Court denies motion for dismissal

First Posted: 1/15/2009

2 charged with gaming claim sovereign status

LUMBERTON - A Superior Court judge denied a motion for the dismissal of charges against two men, each charged with illegal gambling, who say they are members of the Turtle Indian Nation and therefore have sovereignty.
The two men, charged with felony gambling on March 7, 2003, claimed Monday that the state of North Carolina doesn't have the jurisdiction to charge them.
Gary Phillip “Two Bears” Oxendine, 55, and Chris Todd “Oocheeeh Gahahah” Hardison, 34, face charges of felony operation of five or more video gaming machines, failure to register video machines with the Sheriff's Office and conspiracy to commit a felony of operating five or more video gaming machines.
A third man, Robert Daniel “Gahliduh Ayahnooli” Rose, 37, of 6555 Dearborn Drive, Falls Church, Va., who also faces the same charges, is wanted on a fugitive warrant for his arrest for not appearing in court.
Both Oxendine and Hardison argued that the state of North Carolina didn't have jurisdiction over them because the Turtle Nation is a sovereign nation. Superior Court Judge Frank Floyd denied the request for dismissal and set another administrative court date for July 12.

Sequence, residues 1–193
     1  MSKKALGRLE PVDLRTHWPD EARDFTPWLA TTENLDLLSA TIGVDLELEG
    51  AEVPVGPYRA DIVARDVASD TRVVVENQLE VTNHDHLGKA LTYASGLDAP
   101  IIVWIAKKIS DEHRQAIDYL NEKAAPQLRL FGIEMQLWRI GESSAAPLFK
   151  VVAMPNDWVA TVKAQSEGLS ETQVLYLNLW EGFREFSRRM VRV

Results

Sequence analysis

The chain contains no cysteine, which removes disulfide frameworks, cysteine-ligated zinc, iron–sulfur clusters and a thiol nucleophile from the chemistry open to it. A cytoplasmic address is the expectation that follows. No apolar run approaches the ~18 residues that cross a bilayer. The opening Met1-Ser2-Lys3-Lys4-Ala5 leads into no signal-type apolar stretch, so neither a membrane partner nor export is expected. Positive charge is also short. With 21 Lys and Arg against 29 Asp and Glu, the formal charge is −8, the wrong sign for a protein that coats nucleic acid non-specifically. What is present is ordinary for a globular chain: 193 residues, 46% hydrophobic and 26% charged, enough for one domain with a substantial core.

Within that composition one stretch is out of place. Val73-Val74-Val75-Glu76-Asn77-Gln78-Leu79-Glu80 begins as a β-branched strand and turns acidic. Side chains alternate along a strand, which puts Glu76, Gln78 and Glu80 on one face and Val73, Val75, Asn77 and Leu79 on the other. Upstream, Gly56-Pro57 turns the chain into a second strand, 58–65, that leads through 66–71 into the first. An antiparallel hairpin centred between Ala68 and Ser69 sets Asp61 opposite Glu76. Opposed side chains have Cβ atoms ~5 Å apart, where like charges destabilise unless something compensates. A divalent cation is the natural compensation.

The two men, appearing in court wearing Polo style shirts with The United Nation of Turtle Island written on the front, acted as their own attorneys.
Sheriff's investigators raided Oxendine's residence at 224 Barber Shop Road in Pembroke last year and seized 17 video poker machines, one blackjack machine and $6,087.88 in cash.
“The Turtle Nation is not recognized by the United States,” Assistant District Attorney Tony Berk said. “The Cherokee is the only tribe recognized by the state.”
Oxendine told the court that no one has the right to tell him who he is.
“I know I'm Tuscarora Cherokee,” he said. “Nobody can tell me who I am. I don't have to go to the Tuscarora or the Cherokee to ask who I am.”
Oxendine asked the court why North Carolina can tell natives what to do.
“There weren't no criminal intent,” Oxendine said after the court's ruling about the charges. “We believe, by birthright as natives, we had a right to do the gaming.”
Floyd ordered prosecutors to make available a copy of the WBTW Channel 13 videotape of its news broadcast when the men were interviewed at Oxendine's residence on March 5 last year.

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